A “wrong” question I sometimes ask is, “Why are my kids being so annoying today?” Analyzing this reveals far more about myself than it does about my children. If I direct the question away from them and toward myself, it morphs into, “Why am I so annoyed with my kids today?” That’s a little better, but still not a strong question. When I try to focus my attention on the positive rather than the negative, the question becomes, “What is keeping me from treating my family with patience and love today?” And to make it really self-empowering, “How can I take the lead in creating an atmosphere of patience and love in my home?” That question is so much more powerful than the first one in creating change because I’m taking responsibility for my own role in the environment of the home, rather than passively focusing on the negative behavior of others.

Once you have asked a powerful, “right” question, you’re very close to arriving at the answer. Art critic John Ruskin said,

“To be able to ask a question clearly is two-thirds of the way to getting it answered.”

Are you ready for the tool? Get a paper and pencil and try this exercise. (Or if you’re like me, start typing on your computer.) No really, take action and do this right now. It’s powerful.

Start by asking yourself, What is the greatest source of dissatisfaction in your life right now? Write down the answer. Don’t just think about it!

Now consider this: If you could ask God just ONE question about this problem — and you were guaranteed to get an answer — what would that question be? Write the question down.

After you’ve done that, use these steps: (Credit for this tool goes to Stephen Palmer.)

  1. Identify the assumptions embedded within the question.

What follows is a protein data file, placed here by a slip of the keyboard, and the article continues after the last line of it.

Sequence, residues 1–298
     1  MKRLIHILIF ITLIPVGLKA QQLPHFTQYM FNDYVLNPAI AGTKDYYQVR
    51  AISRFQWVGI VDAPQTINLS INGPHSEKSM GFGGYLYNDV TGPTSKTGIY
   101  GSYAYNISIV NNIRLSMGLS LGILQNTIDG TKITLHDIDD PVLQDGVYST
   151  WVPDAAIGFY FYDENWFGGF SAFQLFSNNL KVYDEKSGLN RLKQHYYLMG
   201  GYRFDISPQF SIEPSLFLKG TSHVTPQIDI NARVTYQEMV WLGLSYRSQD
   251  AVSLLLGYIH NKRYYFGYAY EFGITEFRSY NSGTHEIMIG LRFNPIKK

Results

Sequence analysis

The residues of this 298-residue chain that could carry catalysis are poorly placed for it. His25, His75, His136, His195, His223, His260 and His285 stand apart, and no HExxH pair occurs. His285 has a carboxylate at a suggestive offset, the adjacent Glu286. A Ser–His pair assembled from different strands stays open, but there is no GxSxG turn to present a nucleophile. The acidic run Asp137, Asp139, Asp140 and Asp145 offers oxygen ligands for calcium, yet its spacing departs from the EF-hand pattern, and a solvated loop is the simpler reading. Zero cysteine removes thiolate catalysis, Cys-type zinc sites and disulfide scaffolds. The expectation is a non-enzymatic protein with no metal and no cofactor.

2. Then, analyze the assumptions and ask of each of them, “Is this true?” Then, “If not, what is true? What am I missing?”

If you’ve analyzed your question rigorously enough, you should have been able to find several answers that you can use to create the necessary changes toward living a more satisfying life!

If you’re not quite sure what I mean by analyzing your assumptions, see the following example:

Greatest source of dissatisfaction: My marriage. Question: Why is my marriage such a struggle, and what can I do to make it better?

These are some assumptions embedded within this question, and an analysis of each:

  • My marriage is a struggle. (True, from my perspective)
  • There is a reason that it is a struggle. (True)
  • It should not be such a struggle/struggling is bad. (False—struggle is necessary for my growth. But there are more and less effective ways to struggle.)
  • It can get better. (True—hold on to faith and hope. There’s also a lot more that’s already going well that I’ve failed to notice or appreciate.)
  • I can do something or several things to improve my marriage. (True—There’s more I could be doing that I’m avoiding or putting off.)
  • It is up to me, not my spouse, to make it better. (Mostly true. I can always improve, but my spouse plays a role too and can make his own choices. I need to be patient and supportive while he works some issues out for himself. Something I can always do is to pray for him.)